How do you guard against stereotyping other cultures? Stereotyping fixes a person according to a particular cultural type. We all know the common statements and they are usually not very complimentary, such as:
The British are cold.
The Americans are loud.
The Germans are rigid and time obsessed.
The Italians are emotional, and so on.
These kinds of statements are damaging and take no account of regional differences and personal experience.
In intercultural training we try to make generalisations about a culture and then use the generalisation as a platform for deeper analysis of regional cultural differences and personal cultural styles. We also have to take into account the fact that traditional cultural styles change over time. The British today are generally very informal and are much more emotionally demonstrative than they used to be.
One way to deal with stereotypes is to examine them more deeply. Take a stereotype (which is usually a bit negative) and turn it round to make it positive.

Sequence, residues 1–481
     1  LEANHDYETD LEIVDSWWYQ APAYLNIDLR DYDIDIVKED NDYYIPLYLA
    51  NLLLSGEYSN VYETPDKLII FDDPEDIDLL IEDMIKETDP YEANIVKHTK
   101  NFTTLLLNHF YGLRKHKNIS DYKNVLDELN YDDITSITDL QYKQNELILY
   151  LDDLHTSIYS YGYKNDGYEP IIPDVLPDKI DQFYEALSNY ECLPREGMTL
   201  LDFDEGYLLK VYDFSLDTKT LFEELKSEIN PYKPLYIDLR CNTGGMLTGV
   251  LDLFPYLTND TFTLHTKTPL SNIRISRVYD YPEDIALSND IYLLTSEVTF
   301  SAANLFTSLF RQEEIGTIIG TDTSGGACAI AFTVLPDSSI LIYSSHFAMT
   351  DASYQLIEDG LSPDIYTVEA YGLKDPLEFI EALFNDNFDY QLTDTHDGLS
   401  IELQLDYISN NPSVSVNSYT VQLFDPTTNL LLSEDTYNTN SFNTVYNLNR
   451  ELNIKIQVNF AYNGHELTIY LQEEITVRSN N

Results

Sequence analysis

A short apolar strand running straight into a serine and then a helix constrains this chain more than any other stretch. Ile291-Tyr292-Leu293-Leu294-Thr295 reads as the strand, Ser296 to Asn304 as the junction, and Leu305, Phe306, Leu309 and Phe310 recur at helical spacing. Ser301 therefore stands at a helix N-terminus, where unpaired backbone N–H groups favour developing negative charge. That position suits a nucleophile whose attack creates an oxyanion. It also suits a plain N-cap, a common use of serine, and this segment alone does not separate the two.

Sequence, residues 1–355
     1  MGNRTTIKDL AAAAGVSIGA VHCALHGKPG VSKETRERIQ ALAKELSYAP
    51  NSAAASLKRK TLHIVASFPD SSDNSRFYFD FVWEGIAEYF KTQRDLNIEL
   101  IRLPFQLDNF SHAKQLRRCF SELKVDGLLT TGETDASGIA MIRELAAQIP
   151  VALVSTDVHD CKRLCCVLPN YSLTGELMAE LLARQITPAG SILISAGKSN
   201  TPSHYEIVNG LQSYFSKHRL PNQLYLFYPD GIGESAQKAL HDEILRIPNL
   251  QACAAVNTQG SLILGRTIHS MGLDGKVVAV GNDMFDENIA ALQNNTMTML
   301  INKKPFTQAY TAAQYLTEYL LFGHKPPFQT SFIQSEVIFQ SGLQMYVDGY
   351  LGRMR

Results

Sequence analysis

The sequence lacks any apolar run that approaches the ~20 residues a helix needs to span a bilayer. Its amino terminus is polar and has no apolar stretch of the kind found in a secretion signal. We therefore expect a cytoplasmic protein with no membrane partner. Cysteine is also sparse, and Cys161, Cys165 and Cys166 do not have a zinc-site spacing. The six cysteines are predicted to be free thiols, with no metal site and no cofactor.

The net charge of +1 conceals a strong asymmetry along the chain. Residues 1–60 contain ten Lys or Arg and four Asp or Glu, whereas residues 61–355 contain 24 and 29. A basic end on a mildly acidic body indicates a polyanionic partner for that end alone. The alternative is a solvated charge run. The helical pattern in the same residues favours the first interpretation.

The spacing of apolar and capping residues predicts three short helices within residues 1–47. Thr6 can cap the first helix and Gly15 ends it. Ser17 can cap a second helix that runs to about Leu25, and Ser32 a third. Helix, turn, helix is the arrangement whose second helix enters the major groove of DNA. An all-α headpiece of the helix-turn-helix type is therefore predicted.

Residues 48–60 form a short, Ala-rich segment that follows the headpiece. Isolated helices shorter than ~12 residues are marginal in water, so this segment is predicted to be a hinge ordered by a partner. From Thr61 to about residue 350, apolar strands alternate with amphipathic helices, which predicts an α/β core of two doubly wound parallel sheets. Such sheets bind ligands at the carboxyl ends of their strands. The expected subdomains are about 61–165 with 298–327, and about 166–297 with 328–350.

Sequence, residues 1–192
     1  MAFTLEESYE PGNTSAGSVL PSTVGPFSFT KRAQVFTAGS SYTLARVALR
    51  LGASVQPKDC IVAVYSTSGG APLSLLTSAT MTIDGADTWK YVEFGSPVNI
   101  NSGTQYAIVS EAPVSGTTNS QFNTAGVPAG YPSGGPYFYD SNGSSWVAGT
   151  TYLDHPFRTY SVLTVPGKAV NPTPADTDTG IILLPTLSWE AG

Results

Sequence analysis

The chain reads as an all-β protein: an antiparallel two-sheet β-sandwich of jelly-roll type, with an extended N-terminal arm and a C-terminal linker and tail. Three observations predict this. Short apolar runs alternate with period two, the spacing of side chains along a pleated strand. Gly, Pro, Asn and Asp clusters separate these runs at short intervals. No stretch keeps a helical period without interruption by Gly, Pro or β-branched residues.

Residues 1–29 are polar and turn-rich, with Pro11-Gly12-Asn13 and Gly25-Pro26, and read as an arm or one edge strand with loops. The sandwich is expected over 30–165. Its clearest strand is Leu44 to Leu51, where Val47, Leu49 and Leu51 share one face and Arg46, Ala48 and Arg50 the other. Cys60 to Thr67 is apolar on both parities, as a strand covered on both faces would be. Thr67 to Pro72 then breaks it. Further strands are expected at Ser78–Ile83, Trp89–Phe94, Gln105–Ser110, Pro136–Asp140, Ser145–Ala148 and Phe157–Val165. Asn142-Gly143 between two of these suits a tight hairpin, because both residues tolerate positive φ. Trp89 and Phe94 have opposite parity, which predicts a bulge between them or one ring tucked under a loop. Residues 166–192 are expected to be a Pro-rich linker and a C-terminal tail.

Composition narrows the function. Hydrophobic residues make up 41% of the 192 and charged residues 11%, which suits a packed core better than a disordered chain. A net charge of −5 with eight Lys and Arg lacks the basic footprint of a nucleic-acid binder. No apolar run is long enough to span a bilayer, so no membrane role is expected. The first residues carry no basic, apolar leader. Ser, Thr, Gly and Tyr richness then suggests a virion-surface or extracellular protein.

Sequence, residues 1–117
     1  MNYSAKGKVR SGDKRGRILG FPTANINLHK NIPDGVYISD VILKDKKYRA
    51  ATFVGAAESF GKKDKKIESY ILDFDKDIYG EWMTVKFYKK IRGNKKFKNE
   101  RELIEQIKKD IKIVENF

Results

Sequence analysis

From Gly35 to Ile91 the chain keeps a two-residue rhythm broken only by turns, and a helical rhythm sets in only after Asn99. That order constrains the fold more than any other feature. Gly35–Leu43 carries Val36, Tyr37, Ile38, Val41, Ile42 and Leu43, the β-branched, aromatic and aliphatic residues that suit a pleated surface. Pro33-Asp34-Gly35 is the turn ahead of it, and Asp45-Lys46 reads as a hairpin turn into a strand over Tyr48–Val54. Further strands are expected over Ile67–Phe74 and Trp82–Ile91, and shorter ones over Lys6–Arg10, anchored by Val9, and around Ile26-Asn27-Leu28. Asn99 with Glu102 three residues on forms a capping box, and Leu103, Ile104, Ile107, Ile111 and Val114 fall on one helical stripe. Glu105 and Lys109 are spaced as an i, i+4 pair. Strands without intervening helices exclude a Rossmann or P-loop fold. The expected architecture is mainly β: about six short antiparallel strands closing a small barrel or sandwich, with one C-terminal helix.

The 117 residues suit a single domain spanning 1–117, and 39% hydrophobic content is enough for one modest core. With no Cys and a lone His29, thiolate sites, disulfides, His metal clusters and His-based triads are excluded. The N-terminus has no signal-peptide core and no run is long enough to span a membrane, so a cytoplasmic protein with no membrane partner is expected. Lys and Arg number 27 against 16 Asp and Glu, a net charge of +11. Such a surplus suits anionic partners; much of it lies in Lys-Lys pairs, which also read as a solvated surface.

For example, 'The British are cold' could become 'Most British like to preserve their privacy.' 'The Americans are loud,' could become 'Most Americans are outgoing', and so on.
Then you can refine that statement according to the different regions. For example, 'People in the North of England have the reputation of being more outgoing than people in the South.'
Lastly, you can recognise the importance of personal experience. A person who has travelled abroad and who has lots of international experience will probably be rather different in cultural style from someone who has done all his /her education or work in his/her own country.
Finally, notice the language we use. Avoid phrases like 'The British' and use instead 'Many British' or 'Most British' and 'The British have the reputation of ...' These avoid the blanket statements that stereotype people.
How do you avoid the danger of stereotyping in your class?